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United States Court of Appeals, Fourth Circuit.

UNITED STATES OF AMERICA, Plaintiff - Appellee, v. ISMAEL OCEGUEDA-GONZALEZ, a/k/a Ismael Ozequeda-Gonzalez, a/k/a Ismael Gonzalez-Ocegueda, a/k/a Arnoldo Pineda-Orkeda, a/k/a Mario Hernandez, Defendant - Appellant.

No. 15-4687

Decided: July 25, 2016

Before SHEDD, AGEE, and WYNN, Circuit Judges. Louis C. Allen, Federal Public Defender, John A. Duberstein, Assistant Federal Public Defender, Greensboro, North Carolina, for Appellant. Lisa Blue Boggs, Assistant United States Attorney, Greensboro, North Carolina, for Appellee.

Ismael Ocegueda-Gonzalez pled guilty, pursuant to a plea agreement, to illegal reentry by an aggravated felon, in violation of 8 U.S.C. § 1326(a), (b)(2) (2012), and the district court sentenced him to 51 months' imprisonment. Counsel has filed a brief pursuant to Anders v. California, 386 U.S. 738 (1967), stating that there are no meritorious grounds for appeal but questioning whether Ocegueda-Gonzalez's sentence is reasonable. Ocegueda-Gonzalez was advised of his right to file a supplemental brief, but he has not done so. We affirm.

We review a sentence for procedural and substantive reasonableness under a deferential abuse of discretion standard. Gall v. United States, 552 U.S. 38, 51 (2007); United States v. Berry, 814 F.3d 192, 194-95 (4th Cir. 2016). In determining whether a sentence is procedurally reasonable, we consider whether the district court properly calculated the defendant's advisory Sentencing Guidelines range, gave the parties an opportunity to argue for an appropriate sentence, considered the 18 U.S.C. § 3553(a) (2012) factors, selected a sentence based on facts that were not clearly erroneous, and sufficiently explained the selected sentence. Gall, 552 U.S. at 49-51. Only after determining that a sentence is procedurally reasonable will we consider its substantive reasonableness, “tak[ing] into account the totality of the circumstances.” Id. at 51. “Any sentence that is within or below a properly calculated Guidelines range is presumptively [substantively] reasonable. Such a presumption can only be rebutted by showing that the sentence is unreasonable when measured against the 18 U.S.C. § 3553(a) factors.” United States v. Louthian, 756 F.3d 295, 306 (4th Cir. 2014) (citation omitted).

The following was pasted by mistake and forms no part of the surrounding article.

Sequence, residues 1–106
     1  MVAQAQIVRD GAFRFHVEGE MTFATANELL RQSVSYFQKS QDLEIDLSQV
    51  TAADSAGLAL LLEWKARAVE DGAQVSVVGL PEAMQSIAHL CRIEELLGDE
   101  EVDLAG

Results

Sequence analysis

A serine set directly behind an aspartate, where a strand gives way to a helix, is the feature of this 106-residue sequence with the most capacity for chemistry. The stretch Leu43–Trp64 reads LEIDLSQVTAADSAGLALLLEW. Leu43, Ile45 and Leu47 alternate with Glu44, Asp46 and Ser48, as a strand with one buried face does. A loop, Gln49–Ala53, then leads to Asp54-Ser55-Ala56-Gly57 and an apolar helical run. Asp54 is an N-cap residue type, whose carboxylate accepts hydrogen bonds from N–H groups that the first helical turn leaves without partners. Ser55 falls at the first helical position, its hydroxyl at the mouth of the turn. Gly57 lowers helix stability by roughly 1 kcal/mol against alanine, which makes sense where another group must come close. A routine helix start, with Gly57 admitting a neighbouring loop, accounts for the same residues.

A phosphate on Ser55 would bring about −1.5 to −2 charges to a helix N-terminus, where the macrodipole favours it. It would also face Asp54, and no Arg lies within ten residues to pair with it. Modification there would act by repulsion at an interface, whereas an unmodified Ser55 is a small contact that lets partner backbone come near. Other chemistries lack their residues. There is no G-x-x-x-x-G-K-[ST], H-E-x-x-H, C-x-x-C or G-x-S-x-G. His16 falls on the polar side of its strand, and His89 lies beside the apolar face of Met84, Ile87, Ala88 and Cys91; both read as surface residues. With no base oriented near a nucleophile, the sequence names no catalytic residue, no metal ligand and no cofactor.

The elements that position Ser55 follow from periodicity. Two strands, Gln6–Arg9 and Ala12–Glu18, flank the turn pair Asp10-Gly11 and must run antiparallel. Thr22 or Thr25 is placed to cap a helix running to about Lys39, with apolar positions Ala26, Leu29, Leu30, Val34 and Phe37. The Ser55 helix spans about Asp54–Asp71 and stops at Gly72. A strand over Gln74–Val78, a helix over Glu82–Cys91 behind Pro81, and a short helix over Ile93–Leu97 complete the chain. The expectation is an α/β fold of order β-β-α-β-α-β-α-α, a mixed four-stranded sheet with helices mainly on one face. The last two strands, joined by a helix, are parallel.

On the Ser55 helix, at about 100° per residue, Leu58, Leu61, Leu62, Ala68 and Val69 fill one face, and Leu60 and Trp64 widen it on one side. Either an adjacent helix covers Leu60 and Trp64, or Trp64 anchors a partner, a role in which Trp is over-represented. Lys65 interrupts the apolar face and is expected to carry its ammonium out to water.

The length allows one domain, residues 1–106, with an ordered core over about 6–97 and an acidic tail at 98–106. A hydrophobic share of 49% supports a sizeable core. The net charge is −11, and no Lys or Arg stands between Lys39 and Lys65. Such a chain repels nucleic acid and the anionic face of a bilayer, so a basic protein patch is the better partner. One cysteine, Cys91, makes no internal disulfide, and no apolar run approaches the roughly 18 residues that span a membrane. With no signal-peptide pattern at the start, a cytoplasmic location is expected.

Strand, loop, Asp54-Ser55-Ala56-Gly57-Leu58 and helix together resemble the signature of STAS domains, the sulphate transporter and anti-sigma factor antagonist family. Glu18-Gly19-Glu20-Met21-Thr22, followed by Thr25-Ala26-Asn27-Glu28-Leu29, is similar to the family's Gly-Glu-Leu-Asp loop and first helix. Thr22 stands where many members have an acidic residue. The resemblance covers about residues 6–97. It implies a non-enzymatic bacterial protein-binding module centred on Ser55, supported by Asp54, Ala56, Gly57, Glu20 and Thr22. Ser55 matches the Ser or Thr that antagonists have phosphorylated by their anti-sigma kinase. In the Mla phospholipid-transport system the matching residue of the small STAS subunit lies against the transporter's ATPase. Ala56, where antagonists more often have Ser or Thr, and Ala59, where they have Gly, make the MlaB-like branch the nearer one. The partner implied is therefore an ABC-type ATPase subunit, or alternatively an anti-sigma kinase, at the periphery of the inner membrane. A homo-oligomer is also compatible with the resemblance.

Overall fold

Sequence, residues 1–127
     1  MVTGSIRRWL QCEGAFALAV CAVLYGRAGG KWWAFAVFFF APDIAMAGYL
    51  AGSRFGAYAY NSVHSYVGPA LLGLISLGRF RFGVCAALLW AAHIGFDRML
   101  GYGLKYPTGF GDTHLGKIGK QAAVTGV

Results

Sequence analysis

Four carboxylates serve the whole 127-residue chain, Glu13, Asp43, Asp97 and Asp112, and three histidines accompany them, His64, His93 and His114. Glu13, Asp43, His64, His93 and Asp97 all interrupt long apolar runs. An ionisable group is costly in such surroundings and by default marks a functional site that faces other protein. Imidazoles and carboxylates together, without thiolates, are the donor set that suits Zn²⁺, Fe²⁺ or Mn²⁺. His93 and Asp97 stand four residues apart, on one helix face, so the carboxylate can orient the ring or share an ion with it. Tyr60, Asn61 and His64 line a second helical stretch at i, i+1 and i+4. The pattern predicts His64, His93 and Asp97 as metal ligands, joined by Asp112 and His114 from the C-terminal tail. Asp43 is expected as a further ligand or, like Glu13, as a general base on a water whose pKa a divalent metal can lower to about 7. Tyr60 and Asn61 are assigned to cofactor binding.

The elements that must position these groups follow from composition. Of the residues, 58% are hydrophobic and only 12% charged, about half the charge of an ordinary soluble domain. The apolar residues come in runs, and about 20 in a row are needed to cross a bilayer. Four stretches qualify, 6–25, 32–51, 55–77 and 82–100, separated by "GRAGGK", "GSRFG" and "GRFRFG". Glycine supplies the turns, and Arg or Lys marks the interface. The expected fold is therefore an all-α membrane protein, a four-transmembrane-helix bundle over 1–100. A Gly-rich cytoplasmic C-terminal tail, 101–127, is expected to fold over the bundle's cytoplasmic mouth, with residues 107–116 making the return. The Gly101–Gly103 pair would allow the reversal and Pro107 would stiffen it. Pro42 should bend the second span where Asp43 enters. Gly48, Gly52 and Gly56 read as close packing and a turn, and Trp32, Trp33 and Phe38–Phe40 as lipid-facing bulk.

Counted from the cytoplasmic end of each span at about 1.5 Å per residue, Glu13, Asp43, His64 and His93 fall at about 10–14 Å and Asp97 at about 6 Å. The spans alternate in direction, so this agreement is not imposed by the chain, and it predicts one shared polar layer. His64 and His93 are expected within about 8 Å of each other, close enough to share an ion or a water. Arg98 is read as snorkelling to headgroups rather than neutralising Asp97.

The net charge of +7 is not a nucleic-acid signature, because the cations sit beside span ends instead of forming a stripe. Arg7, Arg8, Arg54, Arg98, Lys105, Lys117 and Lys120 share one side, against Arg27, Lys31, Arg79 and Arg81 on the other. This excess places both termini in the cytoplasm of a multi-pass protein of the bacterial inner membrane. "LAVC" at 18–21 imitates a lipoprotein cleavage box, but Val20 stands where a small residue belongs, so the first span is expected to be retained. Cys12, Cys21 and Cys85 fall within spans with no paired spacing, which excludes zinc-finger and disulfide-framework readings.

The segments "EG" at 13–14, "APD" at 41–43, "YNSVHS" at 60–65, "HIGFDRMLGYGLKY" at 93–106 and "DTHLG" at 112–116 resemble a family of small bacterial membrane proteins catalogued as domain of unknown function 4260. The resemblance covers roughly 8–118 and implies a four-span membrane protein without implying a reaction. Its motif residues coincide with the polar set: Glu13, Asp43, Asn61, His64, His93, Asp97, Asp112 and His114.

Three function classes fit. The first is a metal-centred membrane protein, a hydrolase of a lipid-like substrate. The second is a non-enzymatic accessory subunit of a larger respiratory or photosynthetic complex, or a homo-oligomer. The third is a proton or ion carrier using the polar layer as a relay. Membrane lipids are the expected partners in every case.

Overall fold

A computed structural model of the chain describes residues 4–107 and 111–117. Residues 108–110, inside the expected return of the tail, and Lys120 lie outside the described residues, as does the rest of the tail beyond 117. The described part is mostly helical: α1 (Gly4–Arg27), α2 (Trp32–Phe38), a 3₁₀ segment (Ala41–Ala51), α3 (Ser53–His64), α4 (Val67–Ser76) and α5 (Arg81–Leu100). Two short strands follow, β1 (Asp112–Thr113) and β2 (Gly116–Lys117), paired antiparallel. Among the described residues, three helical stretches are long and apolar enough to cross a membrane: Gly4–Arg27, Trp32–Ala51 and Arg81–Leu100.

Our review of the sentencing transcript revealed no procedural sentencing errors, and we conclude that Ocegueda-Gonzalez has not rebutted the presumption that his within-Guidelines sentence is substantively reasonable.

In accordance with Anders, we have reviewed the entire record in this case and have found no meritorious grounds for appeal. We therefore affirm the district court's judgment. This court requires that counsel inform Ocegueda-Gonzalez, in writing, of his right to petition the Supreme Court of the United States for further review. If Ocegueda-Gonzalez requests that a petition be filed, but counsel believes that such a petition would be frivolous, then counsel may move in this court for leave to withdraw from representation. Counsel's motion must state that a copy thereof was served on Ocegueda-Gonzalez. We dispense with oral argument because the facts and legal contentions are adequately presented in the materials before this court and argument would not aid the decisional process.



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